As discussed six months ago in my blogs (here and here), new benchmark indices mean new trades, new trades mean mandatory margin.
If the interest rate benchmark indices like LIBOR, EURIBOR, SONIA, Fed Fund Effective or TOIS are modified or replaced, the contracts referencing them need to be adapted. Those contracts include the CSA referencing those indices as interest rate for cash collateral. Each contract need to be modified individually after agreement of each of the parties in the contract. If a contract is modified, it is considered as a new trade for the regulation related to mandatory margin. For all new trades, a mandatory daily Variation Margin (VM) applies for all counterparties and mandatory segregated Initial Margin (IM) applies for large derivative users, with more and more users falling in that category over time.
The logic of the consequence of reorganizing the market infrastructure for benchmarks seems to have finally reached the "lawyers". A recent article in Risk details the opinions of different lawyers working in the financial market on the subject. Even if it is presented as a new discovery in the article and in round-tables, it is nothing new for you, my blog's readers. Remember my February blog where I said "Don't underestimate this issue" when I discussed the replacement of TOIS by SARON. According to the Risk article, the question was also asked earlier this month at a Bank of England-sponsored round-table related to the reference rate reform. Maybe by someone who had read my earlier blog.
To my opinion, the impact is not only on contracts mentioning the rate index directly but also on contracts referencing it indirectly through the CSA. For example if an equity derivative contract was referencing a CSA with the possibility to post collateral in CHF cash with payment of interest at TOIS, the replacement in the CSA of TOIS by SARON would clearly be a new contract. Under the spirit of the regulation, that equity contract will fall under the mandatory margin regulation. I have not heard any official opinion on this point of indirect impacts.
The rule is clear: any new trade will fall under the mandatory margin rule. Clearly a trade with a new benchmark index can only be a new trade. I have my personal disagreement with the way the rules have been set-up, e.g. expressed in my answer to the EBA request for comments in July 2015, but certainly I support a clear rule that is applied without exception.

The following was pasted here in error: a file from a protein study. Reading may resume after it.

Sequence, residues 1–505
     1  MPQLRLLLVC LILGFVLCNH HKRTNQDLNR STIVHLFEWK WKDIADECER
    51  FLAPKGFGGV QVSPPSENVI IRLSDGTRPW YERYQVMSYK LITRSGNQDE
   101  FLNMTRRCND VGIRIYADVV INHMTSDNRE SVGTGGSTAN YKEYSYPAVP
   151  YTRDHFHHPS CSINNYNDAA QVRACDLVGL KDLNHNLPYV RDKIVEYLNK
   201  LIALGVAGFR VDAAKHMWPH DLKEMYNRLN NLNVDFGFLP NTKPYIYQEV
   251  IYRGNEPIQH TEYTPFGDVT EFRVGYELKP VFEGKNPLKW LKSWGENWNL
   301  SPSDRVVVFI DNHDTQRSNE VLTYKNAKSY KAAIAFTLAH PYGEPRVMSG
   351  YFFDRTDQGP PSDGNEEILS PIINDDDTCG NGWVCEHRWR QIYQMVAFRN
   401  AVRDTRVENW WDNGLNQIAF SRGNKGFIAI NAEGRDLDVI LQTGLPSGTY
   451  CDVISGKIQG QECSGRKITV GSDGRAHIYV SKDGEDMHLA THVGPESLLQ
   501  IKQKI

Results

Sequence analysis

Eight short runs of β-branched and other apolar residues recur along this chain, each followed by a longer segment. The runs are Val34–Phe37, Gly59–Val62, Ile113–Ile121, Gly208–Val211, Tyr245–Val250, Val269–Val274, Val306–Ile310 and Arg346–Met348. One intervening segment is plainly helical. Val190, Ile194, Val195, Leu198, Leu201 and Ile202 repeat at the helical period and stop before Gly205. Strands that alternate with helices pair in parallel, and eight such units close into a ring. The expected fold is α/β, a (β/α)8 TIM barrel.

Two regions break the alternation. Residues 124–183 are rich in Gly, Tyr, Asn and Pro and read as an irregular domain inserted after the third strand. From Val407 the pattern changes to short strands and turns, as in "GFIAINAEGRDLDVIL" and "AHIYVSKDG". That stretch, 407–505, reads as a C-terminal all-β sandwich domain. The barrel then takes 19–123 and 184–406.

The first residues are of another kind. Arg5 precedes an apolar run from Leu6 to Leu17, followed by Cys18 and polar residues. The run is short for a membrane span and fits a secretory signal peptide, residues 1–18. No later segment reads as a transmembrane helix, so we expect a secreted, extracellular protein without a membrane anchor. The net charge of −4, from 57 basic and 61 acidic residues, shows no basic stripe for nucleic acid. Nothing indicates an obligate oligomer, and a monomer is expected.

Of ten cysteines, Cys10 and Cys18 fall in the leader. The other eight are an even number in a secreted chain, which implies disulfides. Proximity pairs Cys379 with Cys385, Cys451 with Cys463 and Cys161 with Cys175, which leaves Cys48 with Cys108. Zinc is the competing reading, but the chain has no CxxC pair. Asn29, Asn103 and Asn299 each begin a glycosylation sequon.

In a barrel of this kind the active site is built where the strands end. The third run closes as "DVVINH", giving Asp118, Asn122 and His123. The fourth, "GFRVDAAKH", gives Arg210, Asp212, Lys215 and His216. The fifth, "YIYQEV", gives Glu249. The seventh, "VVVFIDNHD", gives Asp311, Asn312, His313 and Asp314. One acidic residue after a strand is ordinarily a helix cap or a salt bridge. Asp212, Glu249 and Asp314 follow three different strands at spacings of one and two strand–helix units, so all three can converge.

Mentioning that the new contracts are "unintended consequences" of the change of benchmark is not an argument. First I hope that regulators and lawmakers have thought about all potential consequences before proposing a rule and that none as obvious as the one discussed here would be called "unintended". Second, if "undesired" consequences were a valid argument, there are plenty of earlier cases were it should apply. For example when doing compression of bilateral portfolios you would be allowed to use vanilla swaps, even if they are mandatory cleared for some users, without having to use synthetic derivatives (see the Risk article on the subject). Also multilateral netting of IM would be allowed if they decrease systemic risk.
Why do I, as a quant, care or give my opinion about legal matters? The legal framework of derivative contracts is now a sub-discipline of quantitative finance; the valuation of derivatives includes the exact wording of the term sheets and applicable regulation. Quants have the most complete view on the pricing, including the impacts of exact contract and regulation wording. The quant community opinion on this matter is at least as important as the one of the legal community, actually more important as they can quantify the impact, not only acknowledge its existence.
I'm curious to see what will happen in case of change of benchmark indices, in particular in the CHF market with the planned discontinuation of the TOIS and the creation of the new SARON. How much issues will it create on the derivatives referencing TOIS directly? How much issues will it create indirectly through CSA referencing TOIS?
Without a doubt a subject TO BE CONTINUED in another blog.